Open designer as product champion

Innovations, no matter how attractive they may appear to be, do not sell themselves. They need a 'product champion', someone who is prepared to fight for the acceptance of the innovation and overcome the resistance to change that prevails in every organisation. This is not a new phenomenon. Machiavelli already observed the 15th century (The Prince):

There is nothing more difficult to take in hand, nor more perilous to conduct, or more uncertain in its success, than to take the lead in the introduction of a new order of things because the innovator has for enemies all those who have done well under the old conditions, and only lukewarm defenders in those who may do well under the new.

The Open Design approach constitutes an innovation, a first application of something new, that fundamentally changes the power structure in the design process. As in technological innovation, those losing power (experts in the old technology) to new players (experts in the new technology) do not give up without a fight. The parties losing power by adoption of the Open Design approach will try to defend their 'territory' by all means.

For instance, in the example of the urban planning project described in Section 3.3 the urban planning experts of the municipality lost quite some power to the future inhabitants as a result of the adoption of the Open Design approach. The inhabitants of the residential area were extremely content with the outcome, but the experts of the municipality realised that their influence had been reduced and showed feelings of discontent. As a result, they never adopted the Open Design methodology again.

The importance of a 'product champion' or 'organisational guerrilla' for the acceptance of technological innovations is well known, but how he operates or should operate to be successful is still rather unclear.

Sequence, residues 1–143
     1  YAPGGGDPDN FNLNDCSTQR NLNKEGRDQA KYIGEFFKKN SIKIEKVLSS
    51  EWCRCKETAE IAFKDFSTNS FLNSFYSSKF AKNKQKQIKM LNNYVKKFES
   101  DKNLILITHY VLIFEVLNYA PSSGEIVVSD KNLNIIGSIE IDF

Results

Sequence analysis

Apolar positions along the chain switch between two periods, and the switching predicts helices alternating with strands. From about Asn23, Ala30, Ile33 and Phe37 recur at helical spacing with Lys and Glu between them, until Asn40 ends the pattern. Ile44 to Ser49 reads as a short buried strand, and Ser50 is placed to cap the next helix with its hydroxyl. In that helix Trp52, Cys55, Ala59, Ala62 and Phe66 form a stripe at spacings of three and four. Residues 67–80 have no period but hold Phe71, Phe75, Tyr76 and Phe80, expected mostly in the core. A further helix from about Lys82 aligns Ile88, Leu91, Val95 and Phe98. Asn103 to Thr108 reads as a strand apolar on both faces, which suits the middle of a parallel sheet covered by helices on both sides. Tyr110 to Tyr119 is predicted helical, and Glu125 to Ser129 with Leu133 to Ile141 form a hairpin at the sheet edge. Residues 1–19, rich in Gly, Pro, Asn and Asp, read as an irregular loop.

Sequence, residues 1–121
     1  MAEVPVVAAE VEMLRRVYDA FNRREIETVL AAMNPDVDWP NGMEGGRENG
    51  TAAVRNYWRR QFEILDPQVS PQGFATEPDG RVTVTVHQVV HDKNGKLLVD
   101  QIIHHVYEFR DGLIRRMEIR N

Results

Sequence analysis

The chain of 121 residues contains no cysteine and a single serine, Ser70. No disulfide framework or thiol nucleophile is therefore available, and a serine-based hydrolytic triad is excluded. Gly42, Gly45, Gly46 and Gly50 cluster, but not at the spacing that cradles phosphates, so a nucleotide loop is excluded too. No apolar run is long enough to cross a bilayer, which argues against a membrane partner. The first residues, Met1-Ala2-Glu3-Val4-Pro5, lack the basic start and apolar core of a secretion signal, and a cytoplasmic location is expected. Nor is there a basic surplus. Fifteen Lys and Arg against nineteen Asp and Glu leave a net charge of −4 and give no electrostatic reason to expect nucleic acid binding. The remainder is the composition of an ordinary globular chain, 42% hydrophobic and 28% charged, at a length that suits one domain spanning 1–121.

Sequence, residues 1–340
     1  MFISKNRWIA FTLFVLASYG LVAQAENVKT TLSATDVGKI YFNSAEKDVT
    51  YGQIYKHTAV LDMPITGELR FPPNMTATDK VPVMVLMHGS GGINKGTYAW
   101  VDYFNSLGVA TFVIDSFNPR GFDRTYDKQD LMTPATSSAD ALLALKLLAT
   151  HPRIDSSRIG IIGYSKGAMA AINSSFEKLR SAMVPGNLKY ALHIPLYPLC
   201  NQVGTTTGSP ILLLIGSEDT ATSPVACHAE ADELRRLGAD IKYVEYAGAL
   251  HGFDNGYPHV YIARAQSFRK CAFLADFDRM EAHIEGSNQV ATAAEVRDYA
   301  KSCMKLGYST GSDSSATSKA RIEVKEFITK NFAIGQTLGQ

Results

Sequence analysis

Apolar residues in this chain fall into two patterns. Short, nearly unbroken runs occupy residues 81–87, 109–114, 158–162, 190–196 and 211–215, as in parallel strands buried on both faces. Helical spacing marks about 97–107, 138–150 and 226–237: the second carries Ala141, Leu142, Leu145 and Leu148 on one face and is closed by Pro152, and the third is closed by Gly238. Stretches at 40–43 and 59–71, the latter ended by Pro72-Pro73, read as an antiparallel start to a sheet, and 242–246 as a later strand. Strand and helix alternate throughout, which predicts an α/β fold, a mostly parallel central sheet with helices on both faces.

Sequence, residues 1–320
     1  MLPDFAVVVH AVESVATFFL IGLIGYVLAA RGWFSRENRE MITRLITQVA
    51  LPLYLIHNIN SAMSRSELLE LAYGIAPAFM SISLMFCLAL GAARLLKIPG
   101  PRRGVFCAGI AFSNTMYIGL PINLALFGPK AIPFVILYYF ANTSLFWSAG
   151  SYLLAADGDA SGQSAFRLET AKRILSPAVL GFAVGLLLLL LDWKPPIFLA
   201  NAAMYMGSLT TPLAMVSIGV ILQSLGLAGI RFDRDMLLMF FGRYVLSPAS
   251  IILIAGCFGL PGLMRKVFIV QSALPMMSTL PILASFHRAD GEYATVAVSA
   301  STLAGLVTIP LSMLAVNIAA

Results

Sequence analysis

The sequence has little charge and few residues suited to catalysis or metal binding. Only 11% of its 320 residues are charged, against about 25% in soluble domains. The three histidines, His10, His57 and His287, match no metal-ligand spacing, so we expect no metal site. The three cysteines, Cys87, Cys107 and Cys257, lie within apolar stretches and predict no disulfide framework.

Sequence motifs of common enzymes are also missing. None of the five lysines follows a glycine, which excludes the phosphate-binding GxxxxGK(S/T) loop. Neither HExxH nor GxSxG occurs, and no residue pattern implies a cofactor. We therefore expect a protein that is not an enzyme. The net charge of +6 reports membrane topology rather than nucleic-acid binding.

In this Section we describe two important features of the successful 'product champion' (Fig. 2.1):

1. The product champion always needs the blessing of a benefactor high up in the organisation (Van Gunsteren, 2003). In Open Design, he may even need several benefactors belonging to relevant stakeholder organisations.

2. The code of conduct for the product champion is Model II behaviour: his attitude and work style should be open and non-manipulative.

A product champion wishing to introduce something new is often felt to be a nuisance by others involved. The introduction of the new invariably brings along changes in the power held by individuals involved. Those having the

Figure 2.1 In Open Design, the product champion needs several benefactors

perception that they will lose power will counteract the product champion wherever they can. The product champion cannot convince them with so-called rational arguments. They do actually lose influence and are indeed not better off with the introduction of the new. They have to give in for the sake of the whole organisation. It is up to their boss to tell them that, not the product champion. If necessary, the boss, acting as a benefactor of the product champion, can pass the message in an autocratic way (Model I behaviour).

The product champion, by contrast, should always try to display Model II behaviour towards relevant players. If he cannot resist the temptation to achieve short-term victories by manipulative (Model I) behaviour, he will lose credibility and become ineffective in the longer term. If too many relevant players are putting banana peals in his path, he should address his benefactor high up in the organisation. The benefactor can then take appropriate action, which will generally be done in an autocratic (Model I) way.

If such a benefactor cannot be found, the product champion is stuck. That means the Open Design approach will not be adopted. He should then focus on finding benefactors high up in the relevant stakeholders organisations. Efforts to convince people at lower levels without the backing of a high-up benefactor are bound to fail and are a waste of time.

The product champion's influence is mainly based on knowledge power - due to his in-depth knowledge of the subject - and on reference power -due to his individual prominence. His reference power is reinforced by his open, non-manipulative Model II behaviour. The product champion usually has little formal power or sanction power. Whenever these are needed, he has to rely on his benefactors.

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